01 Dec Scotch whisky the star performer when it comes to investing cash
SCOTCH whisky is a star performer when it comes to investing your cash, a new study has revealed.
According to data collected by the Lloyds Banking Group, investing in Scottish whisky is a better option than ploughing money into fine wine or watches.
The value of rare scotch whiskies has increased dramatically over recent years and outperformed gold and wine in 2015 with a record-breaking year at auction.
The value of some bottles of Scotch has gone up by 350% in the eight years since 2008, returning a profit of up to £1,000 in some cases.
The strong performance is expected to continue over the next decade, with investors expected to enjoy a return of over 40% on the best single malts.
The UK-based study shows whisky investors are the happiest of those investing in their hobbies and interests.
88% of those who have invested in scotch whisky are satisfied with its performance over the past year, compared with 66% for fine wine, 62% for sports memorabilia and just 61% for those who buy watches.
Limited edition bottles are considered top performers. A 2004 Special Release Mortlach 32-year-old from Dufftown, Moray, was available on the open market for £160 just three years ago but has shot up in value rapidly and can now fetch over £500 at auction.
Vintage whiskies are also performing well. A 1951 Gordon & MacPhail ‘private collection’ bottle from Elgin, Moray, was available for £360 in 2012 but now sells for £1,200.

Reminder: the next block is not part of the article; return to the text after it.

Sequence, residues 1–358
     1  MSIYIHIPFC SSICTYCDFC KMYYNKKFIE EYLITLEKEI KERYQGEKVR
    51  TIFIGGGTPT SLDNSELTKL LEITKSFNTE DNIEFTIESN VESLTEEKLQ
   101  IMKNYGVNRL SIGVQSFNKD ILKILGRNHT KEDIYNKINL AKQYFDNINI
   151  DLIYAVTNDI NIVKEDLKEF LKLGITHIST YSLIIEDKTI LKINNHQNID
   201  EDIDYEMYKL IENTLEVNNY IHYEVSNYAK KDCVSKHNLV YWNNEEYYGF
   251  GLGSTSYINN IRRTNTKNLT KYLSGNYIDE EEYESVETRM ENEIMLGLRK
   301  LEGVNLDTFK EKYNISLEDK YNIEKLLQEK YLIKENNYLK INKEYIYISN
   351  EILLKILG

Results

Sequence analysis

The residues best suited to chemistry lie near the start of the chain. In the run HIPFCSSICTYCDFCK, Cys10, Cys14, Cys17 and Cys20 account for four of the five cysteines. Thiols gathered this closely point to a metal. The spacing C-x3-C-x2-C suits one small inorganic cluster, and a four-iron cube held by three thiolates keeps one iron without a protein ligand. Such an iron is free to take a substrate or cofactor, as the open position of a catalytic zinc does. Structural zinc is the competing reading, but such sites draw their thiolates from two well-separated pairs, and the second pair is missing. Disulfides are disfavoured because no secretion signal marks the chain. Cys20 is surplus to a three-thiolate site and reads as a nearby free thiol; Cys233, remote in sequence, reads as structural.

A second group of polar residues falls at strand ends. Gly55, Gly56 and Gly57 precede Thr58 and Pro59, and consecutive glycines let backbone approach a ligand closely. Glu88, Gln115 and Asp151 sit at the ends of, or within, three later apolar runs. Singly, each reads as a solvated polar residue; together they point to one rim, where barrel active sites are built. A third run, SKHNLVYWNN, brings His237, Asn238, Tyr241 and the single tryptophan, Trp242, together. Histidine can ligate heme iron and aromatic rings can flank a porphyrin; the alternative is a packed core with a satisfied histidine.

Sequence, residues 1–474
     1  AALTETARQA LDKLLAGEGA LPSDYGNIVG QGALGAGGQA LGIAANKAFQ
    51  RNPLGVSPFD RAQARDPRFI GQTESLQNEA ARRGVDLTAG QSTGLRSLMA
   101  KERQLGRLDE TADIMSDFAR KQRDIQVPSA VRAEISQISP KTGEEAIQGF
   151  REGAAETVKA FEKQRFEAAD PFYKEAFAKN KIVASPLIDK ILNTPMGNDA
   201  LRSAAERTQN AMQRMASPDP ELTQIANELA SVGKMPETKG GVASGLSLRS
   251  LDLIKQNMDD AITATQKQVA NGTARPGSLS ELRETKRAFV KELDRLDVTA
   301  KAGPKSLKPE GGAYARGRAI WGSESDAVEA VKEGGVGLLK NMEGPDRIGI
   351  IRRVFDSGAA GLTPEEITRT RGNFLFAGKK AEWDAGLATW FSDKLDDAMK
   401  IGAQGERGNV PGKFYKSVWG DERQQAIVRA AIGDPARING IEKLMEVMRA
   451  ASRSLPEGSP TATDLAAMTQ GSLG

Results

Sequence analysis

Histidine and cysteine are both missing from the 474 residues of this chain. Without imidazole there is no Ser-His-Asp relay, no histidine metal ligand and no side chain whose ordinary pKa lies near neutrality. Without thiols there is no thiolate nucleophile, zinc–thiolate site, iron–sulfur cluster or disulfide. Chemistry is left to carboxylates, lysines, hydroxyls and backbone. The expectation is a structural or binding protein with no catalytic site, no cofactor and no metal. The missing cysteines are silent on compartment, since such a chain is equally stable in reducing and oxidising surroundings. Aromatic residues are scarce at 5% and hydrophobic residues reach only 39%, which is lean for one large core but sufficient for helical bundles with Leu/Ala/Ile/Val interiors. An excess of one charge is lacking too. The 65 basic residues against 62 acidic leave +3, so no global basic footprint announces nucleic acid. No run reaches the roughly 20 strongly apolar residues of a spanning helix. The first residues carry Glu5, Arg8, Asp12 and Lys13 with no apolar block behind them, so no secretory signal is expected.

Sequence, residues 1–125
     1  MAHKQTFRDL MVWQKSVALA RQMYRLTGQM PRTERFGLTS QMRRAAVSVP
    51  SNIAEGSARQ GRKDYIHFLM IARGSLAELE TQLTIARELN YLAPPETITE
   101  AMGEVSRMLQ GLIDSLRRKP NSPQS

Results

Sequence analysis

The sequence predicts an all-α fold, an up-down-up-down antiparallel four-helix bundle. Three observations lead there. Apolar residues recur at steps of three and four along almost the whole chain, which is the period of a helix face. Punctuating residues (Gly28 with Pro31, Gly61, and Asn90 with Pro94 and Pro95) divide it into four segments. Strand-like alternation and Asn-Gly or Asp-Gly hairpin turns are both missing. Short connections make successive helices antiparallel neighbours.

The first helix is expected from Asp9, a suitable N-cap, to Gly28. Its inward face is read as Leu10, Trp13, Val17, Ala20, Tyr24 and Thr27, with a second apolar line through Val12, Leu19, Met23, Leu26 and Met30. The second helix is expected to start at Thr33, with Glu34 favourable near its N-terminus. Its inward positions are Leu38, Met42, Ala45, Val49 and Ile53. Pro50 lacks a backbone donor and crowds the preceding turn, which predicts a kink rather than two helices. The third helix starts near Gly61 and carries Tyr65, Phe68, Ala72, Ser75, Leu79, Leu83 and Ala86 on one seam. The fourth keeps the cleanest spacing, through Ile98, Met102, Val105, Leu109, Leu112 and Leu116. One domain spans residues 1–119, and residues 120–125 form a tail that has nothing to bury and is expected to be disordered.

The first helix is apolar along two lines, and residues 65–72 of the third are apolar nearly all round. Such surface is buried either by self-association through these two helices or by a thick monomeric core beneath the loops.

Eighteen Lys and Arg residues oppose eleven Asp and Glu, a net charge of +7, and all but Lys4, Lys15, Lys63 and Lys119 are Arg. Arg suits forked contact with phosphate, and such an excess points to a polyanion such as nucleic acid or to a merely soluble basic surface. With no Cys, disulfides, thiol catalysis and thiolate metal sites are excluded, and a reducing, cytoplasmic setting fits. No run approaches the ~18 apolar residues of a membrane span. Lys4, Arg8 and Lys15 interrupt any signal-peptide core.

According to whisky analyst, Rare Whisky 101, the value of rare whisky has increased by 361% since 2008.
The company also predict that whisky investments will continue to perform well over the next ten years, with an expected return of 41%.
2015 was a record year for whisky investment, with the industry index rising by 14.36% for the amount invested, whilst the equivalent for wine fell by 0.42% and gold fell by 10.44%.
The Lloyds study also predicted that whisky will attract further investment over the next decade, with spending increasing by £5,700 in one year’s time, £8,600 in five years and £9,300 in 10 years.
Brora, in the Highlands, is the best performing distillery for returns on investment, whilst seven of the top ten have now closed, showing the demand for rare bottles.
Andy Simpson, co-founder of Rare Whisky 101, said: “The growth of the secondary market for rare single malt whisky, both in terms of volume and value, has exceeded all expectations.
“While the sustainability of these volume increases could be called into question, we know for certain that the true rarities will only become rarer.
“Should demand for these rare treasures continue on its current trajectory, as is fully expected, Scotch’s credentials as a viable passion investment asset class continue to look particularly attractive.”
Markus Stadlmann, Chief Information Officer, Lloyds Private Banking said: “In investment terms, work and play do not need to be mutually exclusive, and with the right investment approach it is possible to make your interests pay.
“Often tangible assets, such as whisky, retain their value and are not eroded by inflation.
Investing in something you enjoy is a great way to make your portfolio unique to you.”
Behind Brora in the list of the top distilleries for investment, are Killyloch and Dalmore. Dallas Dhu moved up 13 places from 2014 to 11th in the table.
Glenfiddich is ranked 30th in the table whilst Glenlivet dropped out of the top 30.
Experts have cited poor quality liquid and the withdrawal of the 12 year old as potential reasons as to why rare whisky buyers are turning away from the Glenlivet brand.